Smoke Alarms - laws for VIC Property Owners
This information has been provided by Australian Conveyancing Services and is applicable in Victoria only.
This article draws on information contained in Fact Sheets issued by Victorian Building Authority.
VIC owners of residential property in most circumstances must install Smoke alarms must be connected to your building's power mains as well as having a battery back-up, unless your building was built before 1 August 1997, where a battery-powered back-up meets the Regulations..
This law is designed to minimise the number of deaths in house fires, many of which occur at night time when the occupants are asleep. An estimate of only 80% of dwellings in VIC comply with smoke alarm legislation.
Who needs to install smoke alarms?
The regulation requires owners of new and existing houses, townhouses, and units (homes) to ensure that smoke alarms are installed in their residences. Other dwellings are also included (eg relocatable homes, residences above shops, etc). Failure to do so will incur a penalty.
There are some exceptions, such as certain moveable dwellings, and buildings in which nobody sleeps, however these exceptions are very limited.
For more detail on dwellings that are included/excluded, see the brochure Smoke alarms for residential buildings Smoke Alarms Regulation 2006
Smoke Alarms - laws for VIC Property Owners
Smoke Alarms for Residential buildings
Owners of homes that have smoke alarms installed in compliance with a current or previous requirement need take no additional action. Also, homes where smoke alarms have already been voluntarily installed are not required to take action if their smoke alarms are in good working order and in the right locations (see below for details).
How does this affect Sellers?
Persons intending to sell their homes who enter into a Contract on or after 1 August 1997 are affected by the legislation will be legally required to have installed the smoke alarms into the property they are selling.
How does this affect Buyers?
The regulation includes provisions for fines to be issued for failure to install smoke alarms after 1 August 2006, however there are no new inspection powers. Also, from 1 August 1997, it will be an offence to interfere with or remove an existing smoke alarm, unless it is to repair, maintain or replace the alarm.
Buyers entering into a Contract to purchase a residential property should make sure that the Seller has Smoke Alarms. Buyers should check the property to ensure that complying smoke alarms have been fitted.
Type of Smoke Alarms required
Any smoke alarm that complies with the Australian Standard (AS)3786 – 1993, Smoke Alarms (which should be noted on the product packaging) will meet the new requirements. These alarms can be hard-wired (powered from the mains electricity supply) or battery-operated at the owners’ choice.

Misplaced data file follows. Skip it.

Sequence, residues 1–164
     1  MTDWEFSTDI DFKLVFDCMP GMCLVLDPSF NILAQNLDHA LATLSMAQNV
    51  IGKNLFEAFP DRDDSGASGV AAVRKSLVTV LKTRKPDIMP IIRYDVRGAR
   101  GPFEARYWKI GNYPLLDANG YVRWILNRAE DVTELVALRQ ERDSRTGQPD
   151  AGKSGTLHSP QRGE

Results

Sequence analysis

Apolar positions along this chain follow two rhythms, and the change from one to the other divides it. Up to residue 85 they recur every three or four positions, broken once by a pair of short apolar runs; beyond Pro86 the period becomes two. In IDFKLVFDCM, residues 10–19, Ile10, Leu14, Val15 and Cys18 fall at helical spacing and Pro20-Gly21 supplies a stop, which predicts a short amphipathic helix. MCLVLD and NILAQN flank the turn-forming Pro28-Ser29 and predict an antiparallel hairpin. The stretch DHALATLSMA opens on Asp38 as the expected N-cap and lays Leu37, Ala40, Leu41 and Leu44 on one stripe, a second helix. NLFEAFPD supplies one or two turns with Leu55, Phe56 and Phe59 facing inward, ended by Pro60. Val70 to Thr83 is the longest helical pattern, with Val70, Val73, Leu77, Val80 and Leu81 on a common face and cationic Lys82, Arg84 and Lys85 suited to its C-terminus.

Where to locate smoke alarms to meet the new requirement
The number of smoke alarms required will depend on the size and layout of each particular home. For houses and townhouses (Class 1a buildings) and manufactured/relocatable homes, smoke alarms are required on or near the ceiling in the following areas:
- in storeys containing bedrooms: in every corridor or hallway associated with a bedroom, or, if there is no corridor or hallway, between the part of the home containing the bedroom and the rest of the dwelling; and
- in any storey not containing bedrooms. In these storeys smoke alarms should be located in the path of travel most likely to be used by those evacuating the home.
For apartments, blocks of flats (Class 2 buildings) and residences over shops or caretaker flats (Class 4 parts of buildings) smoke alarms are required on or near the ceiling in the following areas in each flat or unit:
- in every corridor or hallway associated with a bedroom, or, if there is no corridor or hallway, between the part of the unit containing the bedroom and the rest of the dwelling; and
in any storey not containing bedrooms. In these storeys smoke alarms should be located in the path of travel most likely to be used by those evacuating the unit.
For an excellent article on location of smoke alarms click here.
Penalties for non-compliance
The regulation includes provisions for fines to be issued for failure to install smoke alarms after a fine of up to $600 could be imposed on an owner who fails
to comply with the smoke alarm requirements of the Regulations. Also, from 1 August 1997, it will be an offence to interfere with or remove an existing smoke alarm, unless it is to repair, maintain or replace the alarm.